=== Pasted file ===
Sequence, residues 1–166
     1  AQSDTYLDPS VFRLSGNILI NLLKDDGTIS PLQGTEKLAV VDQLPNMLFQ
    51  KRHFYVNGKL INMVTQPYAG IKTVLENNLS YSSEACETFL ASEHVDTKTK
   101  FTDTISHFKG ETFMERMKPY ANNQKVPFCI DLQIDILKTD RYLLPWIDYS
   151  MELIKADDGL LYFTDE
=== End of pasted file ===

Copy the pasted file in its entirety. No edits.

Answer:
Sequence, residues 1–166
     1  AQSDTYLDPS VFRLSGNILI NLLKDDGTIS PLQGTEKLAV VDQLPNMLFQ
    51  KRHFYVNGKL INMVTQPYAG IKTVLENNLS YSSEACETFL ASEHVDTKTK
   101  FTDTISHFKG ETFMERMKPY ANNQKVPFCI DLQIDILKTD RYLLPWIDYS
   151  MELIKADDGL LYFTDE